To those of you worried about Specification and the empty set: this is due to the misprints people noticed earlier. The [Meta-]Axiom of Specification should be "For every predicate P and set A, there is a set B which contains precisely those elements of A which satisfy P". One of the arrows should have two arrowheads on it.
Given this, and given a set A, one can in fact construct the empty set by the predicate P(x) which is "x â x". The set B one obtains from Specification is in fact the empty set: in order to be a member of B, a set x must be in A and satisfy P(x), and no set has that property; so x is not in B for any x, and B is empty.
Incidentally, it would be completely valid to simply take the converses of Extensionality, Pairing, Union, and Powerset, rather than make the arrows in them double-headed. The sentence currently in place is logically valid (one of the rules of equality), and once you fix Specification, you can get the actual unordered pair, union, and powerset by that axiom.
The converse versions are sometimes called the weak versions of the axioms. It's often more convenient to show that some potential model of set theory satisfies the weak versions of the axioms than the strong ones, and only do the hard work once in proving Specification.
One last nit, since nobody else seemed to catch this: The set that Infinity calls for isn't closed under the operation x -> {x}, it's closed under x -> x u {x}. Zermelo's original idea may have called for the first, though; his idea of, say, 5 was {4}, while von Neumann's was {0,1,2,3,4}. von Neumann's scheme works much more easily with cardinality and so forth, so most set theorists use it nowadays.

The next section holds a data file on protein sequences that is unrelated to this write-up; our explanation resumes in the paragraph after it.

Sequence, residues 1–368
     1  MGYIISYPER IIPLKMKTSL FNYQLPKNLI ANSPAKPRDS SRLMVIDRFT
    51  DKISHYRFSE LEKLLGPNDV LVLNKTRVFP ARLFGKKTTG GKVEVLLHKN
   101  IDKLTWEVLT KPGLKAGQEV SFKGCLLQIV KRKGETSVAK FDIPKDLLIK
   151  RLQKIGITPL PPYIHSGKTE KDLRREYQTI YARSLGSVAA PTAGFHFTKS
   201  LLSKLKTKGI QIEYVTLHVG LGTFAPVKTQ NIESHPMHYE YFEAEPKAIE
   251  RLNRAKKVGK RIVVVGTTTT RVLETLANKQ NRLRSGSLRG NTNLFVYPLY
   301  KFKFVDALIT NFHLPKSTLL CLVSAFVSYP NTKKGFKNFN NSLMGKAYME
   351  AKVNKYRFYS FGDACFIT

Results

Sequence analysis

As discussed, that seems to be true. But it also seems that isn't the axiom that is put in for clarity.
Since I am a naive set type of guy, bear with me. At first I didn't get the Foundation axiom. Wikipedia clarifies: no set is supposed to be a member of itself. Ah, great; is that how Russel's paradox is avoided?
No, since if the axioms "were already inconsistent, then adding the axiom of regularity could not make them consistent." ( http://en.wikipedia.org/wiki/Foundation_axiom ) It is the requirement in the schema of of specification that the new sets it forms are subsets of existing sets that does that.
Instead it is noted on specification, that it can be derived from replacement with the empty set. "the axiom schema of separation is often left out of modern lists of the Zermelo-Fraenkel axioms. However, it's still important for historical considerations, and for comparison with alternative axiomatizations of set theory," ( http://en.wikipedia.org/wiki/Axiom_of_separation )
The "axiom of separation" is the axiom of specification. Some axioms have several names, seems there is quite some history here. :-)
Btw, it seems the requirement for subsets of existing sets seems to be repeated elsewhere which is what makes the axioms a bit hard to read. And perhaps that is why we want to enforce equivalence in at least one of the definitions, if I understand Chad correctly.
Also, as I understand it Chad's comment on ordering explains the Foundation axiom (and why it is called "regularity"), since it isn't there to avoid Russel's paradox:
"The axiom of regularity is arguably the least useful ingredient of Zermelo-Fraenkel set theory, since virtually all results in the branches of mathematics based on set theory hold even in the absence of regularity [...] However, it is used extensively in establishing results about well-ordering and the ordinals in general." ( http://en.wikipedia.org/wiki/Foundation_axiom )
Am I the only one who learned "Specification" as "Comprehension"?
Antendren -- No. I did too.
"Comprehension" usually means something simpler than what Mark's called "specification", namely going from P to { x : P(x) } -- without restricting to elements of a given set. An unrestricted comprehension axiom gives you more or less all the other axioms for free, but unfortunately it also gives you Russell's paradon. Not such a bargain after. Hence the weaker "separation" (or "specification") scheme, which seems to be effective in avoiding paradoxes. There are other ways of weakening the comprehension axiom, and they lead to different set theories. But ZF is what almost everyone uses.
Every set A contains some member B which is a set completely disjoint from A.